Home > Blog > Hand Therapy & Customized Splinting > Conditions > Finger, Hand, Wrist, Forearm & Elbow Conditions > Finger Dislocation (Proximal Interphalangeal Joint) Hand Therapy

Finger Dislocation (Proximal Interphalangeal Joint) Hand Therapy

“Working with a knowledgeable hand therapist can make the difference between success and failure in complex hand surgical cases. The therapist extends the continuum of our care, as well as functioning as coach and trainer for our patients.”

Marybeth Ezaki, MD, Past President, American Society for Surgery of the Hand

In Phoenix Rehab, our senior hand therapists are experienced licensed and dedicated therapists (physiotherapists and/or occupational therapists) who specialized ONLY in the rehabilitation, treatment and management of painful fingers, hands, wrists, forearm & elbow conditions, because of interest, passion and expertise.

Finger dislocation is a very common injury.

It occurs when the bones of the finger are moved (dislocated) from their normal position. A dislocated finger can occur in any of the joints of any finger, but most of the time it occurs in the middle knuckle (PIP* joint) of a finger.

Types of dislocations are called

  • dorsal
  • volar or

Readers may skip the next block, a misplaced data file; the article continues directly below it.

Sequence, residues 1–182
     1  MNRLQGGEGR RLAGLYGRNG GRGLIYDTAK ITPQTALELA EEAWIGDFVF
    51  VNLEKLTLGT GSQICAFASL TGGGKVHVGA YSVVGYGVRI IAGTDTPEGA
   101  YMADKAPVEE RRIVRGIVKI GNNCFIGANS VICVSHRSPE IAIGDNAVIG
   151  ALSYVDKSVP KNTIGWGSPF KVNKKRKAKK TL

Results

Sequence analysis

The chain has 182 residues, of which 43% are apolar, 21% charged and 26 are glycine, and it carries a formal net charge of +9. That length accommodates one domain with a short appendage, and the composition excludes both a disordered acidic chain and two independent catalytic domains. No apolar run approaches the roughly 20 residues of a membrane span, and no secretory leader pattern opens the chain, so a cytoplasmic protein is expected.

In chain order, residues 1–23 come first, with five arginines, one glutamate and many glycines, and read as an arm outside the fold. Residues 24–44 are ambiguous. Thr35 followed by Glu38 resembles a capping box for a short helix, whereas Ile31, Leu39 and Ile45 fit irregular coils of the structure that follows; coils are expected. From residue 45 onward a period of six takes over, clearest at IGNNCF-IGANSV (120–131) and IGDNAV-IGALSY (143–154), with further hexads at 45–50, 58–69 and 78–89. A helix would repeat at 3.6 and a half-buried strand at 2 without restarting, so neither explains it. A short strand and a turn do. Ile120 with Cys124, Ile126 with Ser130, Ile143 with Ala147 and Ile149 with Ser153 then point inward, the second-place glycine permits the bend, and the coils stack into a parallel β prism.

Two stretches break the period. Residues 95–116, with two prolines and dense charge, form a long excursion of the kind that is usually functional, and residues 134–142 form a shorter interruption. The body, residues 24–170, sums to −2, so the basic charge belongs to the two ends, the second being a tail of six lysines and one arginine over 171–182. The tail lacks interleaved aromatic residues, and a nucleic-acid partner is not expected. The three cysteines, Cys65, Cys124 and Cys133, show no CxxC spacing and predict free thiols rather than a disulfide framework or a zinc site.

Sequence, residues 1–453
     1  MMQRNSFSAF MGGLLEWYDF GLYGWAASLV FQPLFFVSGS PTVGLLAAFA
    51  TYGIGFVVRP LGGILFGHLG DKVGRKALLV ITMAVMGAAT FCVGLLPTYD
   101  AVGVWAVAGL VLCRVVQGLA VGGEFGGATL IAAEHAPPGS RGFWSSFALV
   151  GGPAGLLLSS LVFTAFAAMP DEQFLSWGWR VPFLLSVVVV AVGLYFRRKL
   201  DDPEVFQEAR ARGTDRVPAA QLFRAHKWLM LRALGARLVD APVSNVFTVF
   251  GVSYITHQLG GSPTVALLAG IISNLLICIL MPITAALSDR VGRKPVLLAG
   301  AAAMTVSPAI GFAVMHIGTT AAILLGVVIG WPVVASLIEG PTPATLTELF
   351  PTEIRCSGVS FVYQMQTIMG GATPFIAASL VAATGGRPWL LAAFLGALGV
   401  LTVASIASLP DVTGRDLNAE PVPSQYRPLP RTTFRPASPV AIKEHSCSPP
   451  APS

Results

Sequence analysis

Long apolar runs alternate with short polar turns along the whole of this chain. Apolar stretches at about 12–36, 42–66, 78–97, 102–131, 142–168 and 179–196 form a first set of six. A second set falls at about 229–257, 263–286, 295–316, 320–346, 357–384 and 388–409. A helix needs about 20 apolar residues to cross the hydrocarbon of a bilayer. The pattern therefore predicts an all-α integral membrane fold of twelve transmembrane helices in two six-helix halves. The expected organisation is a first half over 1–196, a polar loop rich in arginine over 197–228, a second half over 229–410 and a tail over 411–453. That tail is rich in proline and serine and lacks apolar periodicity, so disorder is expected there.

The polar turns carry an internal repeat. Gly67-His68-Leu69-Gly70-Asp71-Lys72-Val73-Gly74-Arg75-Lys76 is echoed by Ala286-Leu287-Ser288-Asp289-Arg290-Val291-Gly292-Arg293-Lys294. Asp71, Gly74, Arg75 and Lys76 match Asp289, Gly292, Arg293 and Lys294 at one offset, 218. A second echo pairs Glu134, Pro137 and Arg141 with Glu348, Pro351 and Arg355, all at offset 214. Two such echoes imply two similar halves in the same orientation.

• lateral

depending on the direction of the dislocated bone. There can be a fracture associated with a dislocation (this is called fracture dislocation) and also the ligaments surrounding the joint can be sprained or torn.

*PIP = proximal interphalangeal ie the middle joint of the fingers

Illustration of a normal finger (A), (B: dorsal PIP dislocation) and (C: lateral PIP dislocation)

What are the symptoms of a finger dislocation?

A dislocated finger is usually obvious, but not always.

Usually the dislocated finger may appear crooked or bent and can be painful, swollen, bruised and difficult to move. There may be numbness or tingling and the finger may have a pale color.

Some dislocations may cause the skin to tear.

Example of a lateral PIP dislocation after a motorcycle injury

What are the causes of a finger dislocation?

The most common causes of finger dislocations are

where the finger can be

  • twisted
  • bent or
  • pushed backward forcefully

An object such as a ball hitting the finger can also cause the finger to dislocate.

What is the treatment for a finger dislocation?

Fortunately, most finger dislocations can be treated without surgery.

A physical examination and X-rays may be taken (X-rays are done usually to rule out fractures or fracture dislocations). Treatment usually consists of “putting the finger back in place” (reduction). 

It is then rested in an orthotic or buddy taped to its neighbor.

Early exercise to bend the finger is generally begun once the finger is safe to be moved. If the dislocation is combined with a fracture and is not stable, surgery might be required.

What can a hand therapist do for me?

Our senior hand therapist may fabricate a custom hand and finger splint to protect the finger as it heals. Regaining the movement and strength of the hand will be a focus of treatment.

Our senior hand therapist will work with the patient in order to achieve the best possible outcome after a finger dislocation to improve

  • range of motion (movement)
  • power
  • agility
  • stamina

Example of an orthosis to protect ring and small fingers dorsal dislocations

Patients may also receive the following hand therapy treatment modalities: